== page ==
Throwing Israel Under The Bus

The Obama Administration has put strong pressure on Israeli Prime Minister Binyamin Netanyahu to discourage him from launching a preemptive attack on Iran’s nuclear sites. Yet a closer examination of the Administration’s objections raises serious questions:


–Why would the Obama Administration dispatch U.S. commandos to Pakistan to kill Osama bin-Laden rather than embark on a diplomatic solution (as it preaches in the Iranian case)? Are the prospects of negotiating a deal with Tehran so much brighter than asking Pakistan to arrest the al-Qaeda leader if not hand him over to stand trial for his crimes?


–Why would the Administration object to an Israeli attack on the grounds it will only delay an Iranian bomb by a year or two while at the same time assassinate bin-Laden? Did Washington believe killing the mastermind of 9/11would finish the al-Qaeda threat once and for all?


–Why does Washington argue that a military undertaking by Israel would trigger an adverse political tsunami in the region and thus inadvisable? Did it think eliminating the Yemeni Jihadist leader Anwar al-Awlaki would be without repercussions to Yemen and possibly Saudi Arabia? Did it ignore the powerful Al-Awalik Yemeni tribe when it stated  “We warn against cooperating with America to kill our son Sheikh Anwar al-Awlaki. We will not stand by idly and watch.”


–How do the frequent drone attacks in Yemen, Pakistan and Afghanistan add to Washington’s popularity in the area while an Israeli preemptive attack on Iran’s nuclear sites undermines America’s regional standing? Does Washington believe eliminating bin-Laden and/or al-Awlaki has cemented U.S.- Pakistani relations or the ties to Yemen?

–Are U.S. drone and commando attacks against Islamist militants launched because Washington assesses there would be no risk of retaliation? Would such strikes (even when they hit their intended targets) not elevate the threat to U.S. soldiers stationed in the region– which seems to be Defense Secretary Leon Panetta’s favorite argument against an Israeli attack on Iran’s nuclear sites?


–Would the U.S. campaign to eliminate Jihadist threats not heighten the possibility of terrorist attacks inside the U.S. proper similar to the ones depicted in some of the scare-mongering scenarios drawn to dissuade Israel?  After all Faisal Shahzad the would-be bomber of New York City’s Time Square said in U.S. court: ”…I’m going to plead guilty 100 times forward because until the hour the US pulls its forces from Iraq and Afghanistan and stops the drone strikes in Somalia and Yemen and in Pakistan and stops the occupation of Muslim lands, and stops killing the Muslims and stops reporting the Muslims to its government, we will be attacking US, and I plead guilty to that.”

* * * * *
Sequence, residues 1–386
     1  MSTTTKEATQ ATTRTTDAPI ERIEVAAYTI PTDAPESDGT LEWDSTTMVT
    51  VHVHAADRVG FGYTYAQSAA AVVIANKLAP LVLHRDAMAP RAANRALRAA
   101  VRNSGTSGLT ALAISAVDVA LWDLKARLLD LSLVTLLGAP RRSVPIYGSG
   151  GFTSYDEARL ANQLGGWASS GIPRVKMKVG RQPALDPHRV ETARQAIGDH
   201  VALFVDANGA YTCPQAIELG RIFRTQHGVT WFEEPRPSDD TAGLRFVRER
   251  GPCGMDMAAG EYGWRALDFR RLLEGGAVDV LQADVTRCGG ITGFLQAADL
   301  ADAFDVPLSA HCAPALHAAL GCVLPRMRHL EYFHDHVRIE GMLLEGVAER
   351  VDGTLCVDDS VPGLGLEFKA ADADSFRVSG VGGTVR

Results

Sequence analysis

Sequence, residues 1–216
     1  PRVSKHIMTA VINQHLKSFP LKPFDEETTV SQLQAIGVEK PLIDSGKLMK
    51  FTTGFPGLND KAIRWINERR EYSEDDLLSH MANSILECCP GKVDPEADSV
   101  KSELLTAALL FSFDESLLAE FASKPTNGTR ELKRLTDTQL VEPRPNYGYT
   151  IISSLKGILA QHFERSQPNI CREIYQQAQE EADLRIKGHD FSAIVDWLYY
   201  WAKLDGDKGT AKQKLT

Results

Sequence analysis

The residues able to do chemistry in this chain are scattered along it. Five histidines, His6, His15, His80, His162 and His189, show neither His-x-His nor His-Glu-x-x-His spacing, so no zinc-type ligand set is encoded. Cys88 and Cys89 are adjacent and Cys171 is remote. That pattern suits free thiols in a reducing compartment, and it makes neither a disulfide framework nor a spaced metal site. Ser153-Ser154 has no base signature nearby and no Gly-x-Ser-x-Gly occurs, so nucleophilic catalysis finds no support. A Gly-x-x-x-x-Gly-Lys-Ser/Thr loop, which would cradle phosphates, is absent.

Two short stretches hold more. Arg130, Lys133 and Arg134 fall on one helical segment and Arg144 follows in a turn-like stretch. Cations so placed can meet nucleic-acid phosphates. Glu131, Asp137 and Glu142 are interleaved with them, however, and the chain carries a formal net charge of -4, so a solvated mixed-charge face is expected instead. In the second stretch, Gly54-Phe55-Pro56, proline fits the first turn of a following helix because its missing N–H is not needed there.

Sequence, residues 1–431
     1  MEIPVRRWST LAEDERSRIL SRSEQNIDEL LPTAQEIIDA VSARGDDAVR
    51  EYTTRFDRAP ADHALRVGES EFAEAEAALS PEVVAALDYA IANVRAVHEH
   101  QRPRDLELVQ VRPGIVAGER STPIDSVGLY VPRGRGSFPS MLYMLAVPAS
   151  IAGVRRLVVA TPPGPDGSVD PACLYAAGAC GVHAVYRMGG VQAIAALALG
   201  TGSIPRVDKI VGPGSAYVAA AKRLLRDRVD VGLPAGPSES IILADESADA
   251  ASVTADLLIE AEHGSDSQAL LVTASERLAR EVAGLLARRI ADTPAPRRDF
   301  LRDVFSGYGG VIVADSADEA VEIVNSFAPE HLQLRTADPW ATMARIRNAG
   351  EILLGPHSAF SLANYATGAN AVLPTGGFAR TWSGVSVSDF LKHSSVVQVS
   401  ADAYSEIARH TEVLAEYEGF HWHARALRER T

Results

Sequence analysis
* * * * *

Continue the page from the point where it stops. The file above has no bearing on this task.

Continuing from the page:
–Why would the Obama Administration continually strike Jihadists in Somalia to thwart the would-be killers of some Westerners while at the same time take pains to dissociate itself from the assassination of an Iranian scientist who worked to arm a fanatical government with nuclear weapons (in effect fingering Israel for it)? And even send condolences to his family?


–Most of all, why would a regime that daily pronounces its goal to “cut” the “cancerous” existence of an entire nation—Israel– and whose supreme leader Ayatollah Ali Khamenei pledges support  “in any place, [for] any nation or any group” who acts to realize this nightmare be treated differently by the Administration than the other Jihadist “ticking bombs”?



Two conclusions could be drawn from pondering these baffling inconsistencies. First, when the Obama Administration pinpointed a potential threat to the safety and well being of Americans it acted preemptively to eliminate it. The actions were undertaken despite the geopolitical, diplomatic, legal and military ramifications which could have ensued and without first attempting a diplomatic solution. Yet when it comes to Israel’s solemn obligation to protect its very existence, the Administration insists on pursuing the very course it has often abandoned. Second, the main difference between the Iranian case where the Obama Administration has acted to thwart an Israeli attack and its own military activism is Washington’s concern that Tehran will interfere with the oil shipping routes through the Persian Gulf in case its nuclear installations are attacked. It fears that an Iranian effort to block the Strait of Hormuz for example will have a dramatic impact on oil prices. The global economy could be thrown back into recession and America’s nascent economic upturn would be derailed. If this scenario unfolds Mr. Obama’s reelection chances would be as good as gone. In a word when all the objections of this Administration to forcefully stopping Iran are examined the one not spelled out and the only one that makes real sense is politics. Mr. Obama and his allies are in effect throwing Israel under the bus to assure his reelection victory.


Avigdor Haselkorn is the author of The Continuing Storm: Iraq, Poisonous Weapons and Deterrence (Yale University Press).

About the Author
Dr. Avigdor Haselkorn is a strategic analyst and the author of books, articles and op-eds on national security issues.